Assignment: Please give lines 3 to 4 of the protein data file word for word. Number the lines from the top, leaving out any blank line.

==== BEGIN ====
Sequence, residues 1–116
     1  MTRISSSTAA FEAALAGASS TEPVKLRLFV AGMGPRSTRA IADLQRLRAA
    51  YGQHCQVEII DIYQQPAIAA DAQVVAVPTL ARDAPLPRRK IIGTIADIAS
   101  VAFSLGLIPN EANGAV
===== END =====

    51  YGQHCQVEII DIYQQPAIAA DAQVVAVPTL ARDAPLPRRK IIGTIADIAS
   101  VAFSLGLIPN EANGAV